Blame game in high gear as Covid relief talks stall

Blame game in high gear as Covid relief talks stallAugust 11, 2020

Top congressional leaders and the White House lashed out at each other Monday over who’s to blame for stalled coronavirus relief negotiations, the latest sign that a bipartisan deal to boost the U.S. economy appears unlikely anytime soon.

President Donald Trump claimed in a tweet that Speaker Nancy Pelosi (D-Calif.) and Senate Minority Leader Chuck Schumer (D-N.Y.) “want to meet to make a deal” on a relief bill, but aides to the two top Democrats said no one from the White House had reached out to them since negotiations fell apart over the weekend.

Senate Majority Leader Mitch McConnell (R-Ky.), meanwhile, accused Pelosi and Schumer of using the economic hardships being felt by tens of millions of Americans to pressure Trump and Senate Republicans into a deal.

“They think they have political leverage over the president of the United States and so they’re willing to personally increase the pain for vulnerable families unless they get their way on matters not related to Covid,” McConnell claimed on the Senate floor. “Republicans wanted to agree on the things we could agree to. Democrats said our way or the highway.”

But Schumer rebutted the GOP’s claims, saying the White House and top Senate Republicans were the ones who refused to compromise, leading to inaction on critical issues including testing, education funding and additional stimulus payments.

“Rather than compromise, our Republican counterparts said, ‘Take a hike,'” Schumer said. “Quite literally they said virtually this in the room: ‘It’s going to be our way or no. We’re not going to meet you in the middle.'”

Schumer added: “This Republican Party is so tied in a knot it can’t agree on anything. It can only spew the same political speech day after day.”

Talks between the White House and Democratic leaders collapsed on Friday after two weeks of unsuccessful closed-door negotiations. Trump then issued a series of executive actions on Saturday he said would address the ongoing economic crisis from the coronavirus pandemic. The actions included a memo ordering federal agencies to take steps to reduce evictions, extensions of the suspension of student loan payments and interest and of federal unemployment benefits at a lower rate, and the deferral of payroll taxes.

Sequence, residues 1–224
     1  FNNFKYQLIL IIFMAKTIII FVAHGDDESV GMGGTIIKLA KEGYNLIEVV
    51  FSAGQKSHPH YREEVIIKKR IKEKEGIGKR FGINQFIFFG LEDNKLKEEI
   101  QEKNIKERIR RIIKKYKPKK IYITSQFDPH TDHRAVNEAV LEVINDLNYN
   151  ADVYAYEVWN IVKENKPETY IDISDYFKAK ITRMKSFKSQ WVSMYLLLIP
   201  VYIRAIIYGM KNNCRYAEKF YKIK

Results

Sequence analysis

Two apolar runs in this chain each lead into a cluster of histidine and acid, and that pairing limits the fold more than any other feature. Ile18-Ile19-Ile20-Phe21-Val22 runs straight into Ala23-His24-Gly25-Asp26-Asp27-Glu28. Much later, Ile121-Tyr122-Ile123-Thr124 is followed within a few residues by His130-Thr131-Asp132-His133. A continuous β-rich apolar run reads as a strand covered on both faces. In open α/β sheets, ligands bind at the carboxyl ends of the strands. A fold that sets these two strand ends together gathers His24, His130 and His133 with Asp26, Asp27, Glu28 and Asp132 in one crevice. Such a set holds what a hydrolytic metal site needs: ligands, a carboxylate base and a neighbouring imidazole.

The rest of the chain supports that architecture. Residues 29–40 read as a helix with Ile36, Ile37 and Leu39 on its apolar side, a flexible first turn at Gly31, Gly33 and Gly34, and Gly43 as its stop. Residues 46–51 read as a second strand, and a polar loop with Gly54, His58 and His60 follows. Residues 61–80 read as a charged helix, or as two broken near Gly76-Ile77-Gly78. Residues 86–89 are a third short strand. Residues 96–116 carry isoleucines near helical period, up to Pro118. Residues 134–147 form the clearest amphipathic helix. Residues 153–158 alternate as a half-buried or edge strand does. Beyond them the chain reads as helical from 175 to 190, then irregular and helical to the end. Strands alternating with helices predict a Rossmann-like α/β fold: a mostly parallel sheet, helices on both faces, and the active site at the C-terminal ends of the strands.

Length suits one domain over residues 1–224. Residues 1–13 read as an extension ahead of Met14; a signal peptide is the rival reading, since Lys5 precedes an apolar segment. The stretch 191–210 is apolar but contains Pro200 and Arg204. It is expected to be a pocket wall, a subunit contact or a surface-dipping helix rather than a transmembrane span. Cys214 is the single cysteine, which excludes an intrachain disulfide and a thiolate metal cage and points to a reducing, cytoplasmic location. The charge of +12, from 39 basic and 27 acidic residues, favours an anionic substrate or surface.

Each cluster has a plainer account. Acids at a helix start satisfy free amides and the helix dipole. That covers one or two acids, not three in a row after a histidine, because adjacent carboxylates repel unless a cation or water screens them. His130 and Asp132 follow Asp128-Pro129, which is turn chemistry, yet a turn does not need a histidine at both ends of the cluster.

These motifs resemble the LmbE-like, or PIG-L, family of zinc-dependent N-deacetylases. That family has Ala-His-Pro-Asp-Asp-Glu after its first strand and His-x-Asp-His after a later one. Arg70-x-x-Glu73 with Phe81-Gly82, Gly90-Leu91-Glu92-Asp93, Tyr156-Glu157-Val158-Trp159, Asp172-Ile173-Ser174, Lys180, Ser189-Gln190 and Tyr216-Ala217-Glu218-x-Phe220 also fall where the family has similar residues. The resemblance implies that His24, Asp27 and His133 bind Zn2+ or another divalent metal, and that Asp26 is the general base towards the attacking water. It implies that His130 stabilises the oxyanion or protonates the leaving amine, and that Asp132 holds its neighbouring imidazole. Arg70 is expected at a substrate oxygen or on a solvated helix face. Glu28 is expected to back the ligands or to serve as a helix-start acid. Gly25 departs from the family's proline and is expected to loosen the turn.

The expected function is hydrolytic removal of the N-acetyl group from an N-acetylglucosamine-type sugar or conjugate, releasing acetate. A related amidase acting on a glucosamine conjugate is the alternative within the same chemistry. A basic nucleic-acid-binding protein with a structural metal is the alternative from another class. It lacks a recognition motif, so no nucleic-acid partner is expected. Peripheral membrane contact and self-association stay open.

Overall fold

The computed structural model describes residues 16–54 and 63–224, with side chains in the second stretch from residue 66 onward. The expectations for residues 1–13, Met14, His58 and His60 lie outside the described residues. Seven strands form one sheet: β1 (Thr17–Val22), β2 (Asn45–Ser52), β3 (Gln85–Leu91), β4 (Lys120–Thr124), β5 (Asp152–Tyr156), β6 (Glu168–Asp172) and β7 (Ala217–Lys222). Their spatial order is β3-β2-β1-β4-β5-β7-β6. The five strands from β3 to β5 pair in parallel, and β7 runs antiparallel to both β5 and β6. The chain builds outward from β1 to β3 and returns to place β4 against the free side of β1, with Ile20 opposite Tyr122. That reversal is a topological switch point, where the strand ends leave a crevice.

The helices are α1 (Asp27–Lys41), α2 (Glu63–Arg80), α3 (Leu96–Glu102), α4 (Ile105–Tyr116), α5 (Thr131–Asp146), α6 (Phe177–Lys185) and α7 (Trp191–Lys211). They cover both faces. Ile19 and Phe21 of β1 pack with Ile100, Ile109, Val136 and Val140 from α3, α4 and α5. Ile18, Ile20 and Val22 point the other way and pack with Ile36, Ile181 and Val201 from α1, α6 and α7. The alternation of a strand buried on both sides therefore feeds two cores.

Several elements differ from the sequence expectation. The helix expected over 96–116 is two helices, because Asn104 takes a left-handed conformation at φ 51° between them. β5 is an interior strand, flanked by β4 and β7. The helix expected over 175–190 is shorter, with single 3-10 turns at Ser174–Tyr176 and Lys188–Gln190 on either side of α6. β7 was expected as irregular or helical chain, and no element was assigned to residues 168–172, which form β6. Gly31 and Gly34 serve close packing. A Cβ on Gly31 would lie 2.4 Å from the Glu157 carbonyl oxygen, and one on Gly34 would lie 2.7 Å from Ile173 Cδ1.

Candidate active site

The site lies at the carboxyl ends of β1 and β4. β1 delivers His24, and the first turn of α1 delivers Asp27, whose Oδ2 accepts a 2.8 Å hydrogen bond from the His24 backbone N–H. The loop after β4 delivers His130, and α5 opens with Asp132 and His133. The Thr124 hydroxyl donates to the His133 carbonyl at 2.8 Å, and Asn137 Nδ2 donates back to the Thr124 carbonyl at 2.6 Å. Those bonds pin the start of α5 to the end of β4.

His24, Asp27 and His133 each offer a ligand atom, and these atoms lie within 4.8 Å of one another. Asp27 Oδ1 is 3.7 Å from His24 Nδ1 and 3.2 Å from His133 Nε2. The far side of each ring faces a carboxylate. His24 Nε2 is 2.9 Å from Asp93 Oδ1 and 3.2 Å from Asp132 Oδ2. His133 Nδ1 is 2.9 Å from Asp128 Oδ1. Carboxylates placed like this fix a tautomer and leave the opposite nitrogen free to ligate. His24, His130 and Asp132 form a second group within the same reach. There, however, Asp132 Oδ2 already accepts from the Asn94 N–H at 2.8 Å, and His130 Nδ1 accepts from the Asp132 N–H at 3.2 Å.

Democrats lambasted Trump’s actions as ineffectual and legally dubious, although they have not filed any legal challenges yet.

“The bottom line is even if [the orders are legal], they’re not going to what’s needed or come even close,” Schumer told Capitol Hill reporters on Monday.

The Senate will remain in session but with no scheduled votes unless there is an agreement, McConnell and other GOP senators said. The vast majority of senators are out of town with a 24-hour notice to return if a vote is scheduled.

As for House Democrats, House Majority Leader Steny Hoyer (D-Md.) announced on the Monday that there will be no votes until the week of Sept. 14, unless an agreement on more Covid relief is reached.

The impasse over a new coronavirus relief package comes as the United States now has seen 5 million cases and more than 160,000 deaths from the disease. The economy is also showing little sign of improvement. The Labor Department reported Friday that the economy added 1.8 million jobs in July, but job growth also slowed down and the unemployment rate remains at 10.2 percent.

On top of the high unemployment rate, a federal moratorium on evictions and a federal $600 weekly unemployment benefit expired last month, leaving millions of Americans in a state of economic uncertainty.

The White House last week offered a $400 weekly unemployment benefit through mid-December, which Democrats, who are seeking an extension of the full $600 in boosted weekly assistance, rejected. Democrats have also pushed back on any type of short term deal, arguing they don’t want to negotiate in a “piecemeal” fashion.

The biggest sticking point remains the price tag. Democrats are pushing the nearly $3.5 trillion HEROES Act the House passed in May, but the White House and Senate Republicans want to keep the number closer to $1 trillion. Schumer and Pelosi said last week they offered to go down $1 trillion if the White House went up $1 trillion, but White House chief of staff Mark Meadows and Treasury Secretary Steven Mnuchin refused that offer.

Mnuchin said Monday on CNBC that “there is a compromise if the Democrats are willing to be reasonable.”

“If we can get a fair deal, we’ll do it this week,” Mnuchin said. “But the president needed to take action. He’s not going to sit around. We left the meeting on Friday, Mark Meadows and I, reported back to him that we were nowhere and that’s why he moved forward.”

As senior administration official said the White House doesn’t see the likelihood of any deal being reached this week, or even in coming weeks. Administration officials noted the financial markets remained solid to begin the week, showing no sign of panic by investors that an agreement hadn’t been reached.

However, government funding runs out on Sept. 30. And even if partisan battles block talks on a Covid relief package now, the looming election on Nov. 3 and the funding deadline may force both sides to reconsider their positions. So could a downward shift in economic data, especially with enhanced federal unemployment payments having expired on July 31.

Ben White contributed to this report.

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